Among the details in Next's story are these:

Having put the Train 1 and 2 contracts in the can, TSKJ turned its gaze on the Train 3 contract. For this, Stanley flew to Abuja again in the second quarter of 1997, with the sole mission of asking Mr. Abacha to recommend a trusted front man to collect his bribe.

Shortly after [Abacha] died on June 8, 1998, Mr.Tesler promptly erased him from the list of bribe beneficiaries, substituting him with the new helmsman, Abdulsalami Abubakar.

To keep the entire scheme on the rails, Stanley flew back to Abuja on February 28, 1999, asking Mr. Abubakar, to recommend a trusted front man to collect his bribe.

Another Nigeria-based publication, Vangard, last week carried an article (here) by Chudi Offodile, a former member of Nigeria's House of Representatives and Chairman of the House’s Public Petitions Committee from 2003 to 2005, where he was responsible for investigations. After spotting irregularities, he says his committee recommended dropping TSKJ and all its members from the Bonny Island project and other contracts in Nigeria. But, writes Offodile, he was continually stonewalled by high-level politicians.

He tells how his investigation got started and finally ended. He begins this way:

No one would have heard of the Nigeria LNG bribery scandal if not for Georges Krammer, former Director General of the French company, Technip [a TSKJ member]. Krammer was accused of paying 3 million euros in illegal commissions during investigations into Elf-Aquitane operations in Asia and Africa.

Krammer claimed the commissions were legal and in line with company's policy. Technip management disputed his claims and left him to face charges of misappropriating 3 million euros. Angered by this development, Krammer who had worked for Technip for 35 years, squealed. He went before Judge d’ Instruction Renaud Van Ruymbeke and told him how Technip’s commission payment system worked in Indonesia, Thailand and on the LNG Project in Nigeria.

Thus began the French investigation of the Nigeria LNG project with Renaud Van Ruymbeke in charge. The French investigation triggered off other investigations in Switzerland, the United States, and Nigeria. . . .

These two reports are unusual not only because of the details being disclosed. But also because both publications are reporting from inside Nigeria, in some cases about government officials still in power.
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Thursday
Mar052009

KBR's U.K. Middlemen Indicted

Two U.K. citizens who allegedly helped Houston-based Kellogg Brown & Root (KBR) bribe Nigerian officials have been indicted for violating the Foreign Corrupt Practices Act. Jeffrey Tesler, 60, of London, England, and Wojciech Chodan, 71, of Maidenhead, England, were indicted on Feb. 17, 2009 by a federal grand jury sitting in Houston. The Justice Department didn't unseal the indictments until after yesterday's arrest of Tesler by British police, who acted at the request of U.S. authorities. Chodan hasn't been arrested but faces an outstanding U.S. warrant. The DOJ said it will try to extradite Tesler and Chodan from the U.K. to stand trial in the U.S.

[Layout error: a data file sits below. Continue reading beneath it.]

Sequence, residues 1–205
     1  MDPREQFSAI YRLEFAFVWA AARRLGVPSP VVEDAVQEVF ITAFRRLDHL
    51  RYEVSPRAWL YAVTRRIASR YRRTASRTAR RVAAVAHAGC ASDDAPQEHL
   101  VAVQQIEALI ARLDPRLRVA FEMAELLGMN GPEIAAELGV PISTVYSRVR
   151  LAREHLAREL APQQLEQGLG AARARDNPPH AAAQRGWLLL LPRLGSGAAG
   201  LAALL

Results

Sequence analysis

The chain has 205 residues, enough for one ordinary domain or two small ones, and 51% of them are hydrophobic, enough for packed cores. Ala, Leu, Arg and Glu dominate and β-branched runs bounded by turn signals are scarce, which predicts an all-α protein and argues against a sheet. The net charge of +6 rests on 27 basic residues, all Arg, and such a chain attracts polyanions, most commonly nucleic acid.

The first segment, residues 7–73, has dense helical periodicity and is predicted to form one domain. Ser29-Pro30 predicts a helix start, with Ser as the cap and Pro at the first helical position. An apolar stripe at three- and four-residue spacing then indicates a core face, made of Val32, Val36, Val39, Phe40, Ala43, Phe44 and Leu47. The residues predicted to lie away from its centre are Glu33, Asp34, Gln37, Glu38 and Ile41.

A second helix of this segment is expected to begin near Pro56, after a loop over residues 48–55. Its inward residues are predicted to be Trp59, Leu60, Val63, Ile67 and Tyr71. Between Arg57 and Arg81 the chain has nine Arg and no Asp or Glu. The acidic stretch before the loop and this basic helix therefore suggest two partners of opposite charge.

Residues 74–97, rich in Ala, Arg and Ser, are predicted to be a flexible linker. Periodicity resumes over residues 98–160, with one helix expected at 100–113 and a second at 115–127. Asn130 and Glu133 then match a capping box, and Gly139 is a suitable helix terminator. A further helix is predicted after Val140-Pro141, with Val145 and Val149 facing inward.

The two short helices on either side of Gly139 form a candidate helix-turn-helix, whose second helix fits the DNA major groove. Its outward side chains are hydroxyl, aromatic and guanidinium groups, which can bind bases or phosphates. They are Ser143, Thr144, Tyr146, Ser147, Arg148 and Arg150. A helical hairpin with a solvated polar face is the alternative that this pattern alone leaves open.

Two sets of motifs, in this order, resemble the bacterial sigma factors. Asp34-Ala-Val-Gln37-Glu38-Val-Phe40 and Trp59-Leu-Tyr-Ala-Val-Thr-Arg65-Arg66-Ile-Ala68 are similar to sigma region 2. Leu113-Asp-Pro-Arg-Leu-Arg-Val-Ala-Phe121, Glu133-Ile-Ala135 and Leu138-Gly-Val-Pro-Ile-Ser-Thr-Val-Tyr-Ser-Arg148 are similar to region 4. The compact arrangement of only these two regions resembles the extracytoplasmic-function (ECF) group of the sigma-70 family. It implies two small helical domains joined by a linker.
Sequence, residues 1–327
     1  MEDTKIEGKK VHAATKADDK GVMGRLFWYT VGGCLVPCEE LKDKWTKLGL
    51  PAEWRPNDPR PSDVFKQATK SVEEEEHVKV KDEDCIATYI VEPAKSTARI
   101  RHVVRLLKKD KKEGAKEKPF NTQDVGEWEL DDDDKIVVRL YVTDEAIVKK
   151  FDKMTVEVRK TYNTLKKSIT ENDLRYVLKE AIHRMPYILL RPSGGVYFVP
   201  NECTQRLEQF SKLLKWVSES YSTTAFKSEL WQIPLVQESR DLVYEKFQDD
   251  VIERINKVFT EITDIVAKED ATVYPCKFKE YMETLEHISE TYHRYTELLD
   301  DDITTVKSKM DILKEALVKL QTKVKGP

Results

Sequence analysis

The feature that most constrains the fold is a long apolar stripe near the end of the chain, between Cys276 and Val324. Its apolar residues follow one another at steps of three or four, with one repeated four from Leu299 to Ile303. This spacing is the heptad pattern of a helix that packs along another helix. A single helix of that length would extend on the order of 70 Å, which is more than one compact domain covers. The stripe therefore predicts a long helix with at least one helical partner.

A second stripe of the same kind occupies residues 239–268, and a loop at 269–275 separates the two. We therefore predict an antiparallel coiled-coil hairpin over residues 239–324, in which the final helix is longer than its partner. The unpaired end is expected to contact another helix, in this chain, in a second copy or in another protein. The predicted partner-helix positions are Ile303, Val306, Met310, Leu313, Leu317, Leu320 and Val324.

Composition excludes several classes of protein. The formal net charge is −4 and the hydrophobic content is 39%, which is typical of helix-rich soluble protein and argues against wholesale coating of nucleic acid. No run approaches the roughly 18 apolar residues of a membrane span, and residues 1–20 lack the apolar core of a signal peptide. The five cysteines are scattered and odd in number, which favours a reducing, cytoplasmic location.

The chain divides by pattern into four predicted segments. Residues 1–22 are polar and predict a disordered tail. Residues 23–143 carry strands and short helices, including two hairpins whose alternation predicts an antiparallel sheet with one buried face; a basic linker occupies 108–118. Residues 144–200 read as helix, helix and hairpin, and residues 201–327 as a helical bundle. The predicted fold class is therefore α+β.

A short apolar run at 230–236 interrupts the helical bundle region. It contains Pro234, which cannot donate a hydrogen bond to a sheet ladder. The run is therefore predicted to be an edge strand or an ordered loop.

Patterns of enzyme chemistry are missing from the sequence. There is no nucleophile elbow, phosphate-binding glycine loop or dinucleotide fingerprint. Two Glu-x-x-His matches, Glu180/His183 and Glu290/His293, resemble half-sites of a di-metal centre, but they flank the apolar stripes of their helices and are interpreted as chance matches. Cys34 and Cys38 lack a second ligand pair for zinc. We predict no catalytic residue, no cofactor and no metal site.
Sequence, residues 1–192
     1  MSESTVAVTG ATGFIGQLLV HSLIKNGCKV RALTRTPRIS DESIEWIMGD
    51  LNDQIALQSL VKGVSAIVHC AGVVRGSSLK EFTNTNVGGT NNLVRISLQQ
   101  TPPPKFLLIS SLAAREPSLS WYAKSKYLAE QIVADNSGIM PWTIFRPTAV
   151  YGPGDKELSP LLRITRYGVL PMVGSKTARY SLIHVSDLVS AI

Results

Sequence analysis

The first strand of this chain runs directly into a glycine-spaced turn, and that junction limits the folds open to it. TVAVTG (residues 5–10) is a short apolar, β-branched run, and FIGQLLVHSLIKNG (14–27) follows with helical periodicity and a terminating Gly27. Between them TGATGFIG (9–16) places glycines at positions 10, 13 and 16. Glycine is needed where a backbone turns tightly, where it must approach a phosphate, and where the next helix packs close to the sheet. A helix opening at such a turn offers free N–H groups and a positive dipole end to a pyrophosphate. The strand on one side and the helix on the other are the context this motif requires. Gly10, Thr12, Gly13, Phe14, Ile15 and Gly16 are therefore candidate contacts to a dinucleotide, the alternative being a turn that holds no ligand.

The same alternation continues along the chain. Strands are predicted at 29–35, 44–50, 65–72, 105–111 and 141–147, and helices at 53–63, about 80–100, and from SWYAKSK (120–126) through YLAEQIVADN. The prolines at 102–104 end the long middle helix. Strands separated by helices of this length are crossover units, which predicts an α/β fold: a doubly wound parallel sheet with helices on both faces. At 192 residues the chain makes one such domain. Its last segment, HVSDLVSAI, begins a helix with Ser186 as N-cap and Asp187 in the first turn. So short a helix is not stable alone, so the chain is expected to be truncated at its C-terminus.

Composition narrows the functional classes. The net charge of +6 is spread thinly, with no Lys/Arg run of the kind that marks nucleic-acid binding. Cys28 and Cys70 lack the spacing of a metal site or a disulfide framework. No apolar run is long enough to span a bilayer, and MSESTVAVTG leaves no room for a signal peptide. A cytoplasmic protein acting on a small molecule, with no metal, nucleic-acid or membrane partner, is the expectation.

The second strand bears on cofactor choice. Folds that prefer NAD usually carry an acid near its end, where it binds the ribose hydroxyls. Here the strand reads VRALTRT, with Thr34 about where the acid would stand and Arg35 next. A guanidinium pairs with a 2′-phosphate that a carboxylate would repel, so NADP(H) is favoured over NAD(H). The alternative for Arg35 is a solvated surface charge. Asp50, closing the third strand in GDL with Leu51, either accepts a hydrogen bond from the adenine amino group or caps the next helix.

Tesler, a lawyer in London, and Chodan, a former employee and consultant of KBR's U.K subsidiary, were charged with one count of conspiracy to violate and ten counts of violating the FCPA. They face up to 55 years in prison if convicted on all counts. The indictment also seeks forfeiture from them of more than $132 million.

The indictment says a joint venture that included KBR entered into consulting contracts with a Gibraltar corporation allegedly controlled by Tesler called Tri-Star Investments. The joint venture paid Tri-Star about $132 million to be used to bribe Nigerian government officials. The bribes were intended to secure contracts worth more than $6 billion to build liquefied natural gas facilities on Bonny Island, Nigeria. The joint venture, known as TSKJ, was equally owned by KBR, Technip, SA of France, Snamprogetti Netherlands B.V. (a subsidiary of Saipem SpA of Italy) and JGC of Japan. Chodan allegedly participated in meetings where the bribery was discussed and he wired $50 million from KBR-controlled accounts to a Japanese trading company to be used to bribe Nigerian officials.

Among the details in the indictment: In August 2002, a KBR representative, using money KBR provided to Tesler, "delivered a pilot's briefcase containing one million U.S. dollars in one-hundred dollar bills to the [Nigerian] Official at a hotel in Abuja, Nigeria, for the benefit of a political party in Nigeria." And in April 2003, a KBR representative "delivered a vehicle containing Nigerian currency valued at approximately $500,000 to the hotel of the [Nigerian] Official in Abuja, Nigeria, for the benefit of a political party in Nigeria, leaving the vehicle in the hotel parking lot until the . . . Official caused the money to be removed."

Last month, KBR pleaded guilty to violating the Foreign Corrupt Practices Act. It agreed with the DOJ to pay a $402 million fine. KBR and its former parent company, Halliburton Company, also agreed to pay $177 million in disgorgement to the Securities and Exchange Commission to settle the FCPA offenses. KBR's former CEO, Albert "Jack" Stanley, pleaded guilty in September 2008 to conspiring to violate the FCPA and to mail and wire fraud charges. He has been cooperating with prosecutors. His sentencing is now scheduled for Aug. 27, 2009.

The DOJ said it had help in the case from "authorities in France, Italy, Switzerland and the United Kingdom, including in particular the Serious Fraud Office’s Anti-Corruption Unit, the London Metropolitan Police and the City of London Police."

The indictment against Tesler and Chodan contains only FCPA charges. Usually the DOJ adds other criminal counts, such as money-laundering, mail and wire fraud. Relying strictly on alleged antibribery offenses will test the jurisdictional reach of the FCPA over foreign citizens who apparently were not in the U.S. at any times relevant to the charged conduct.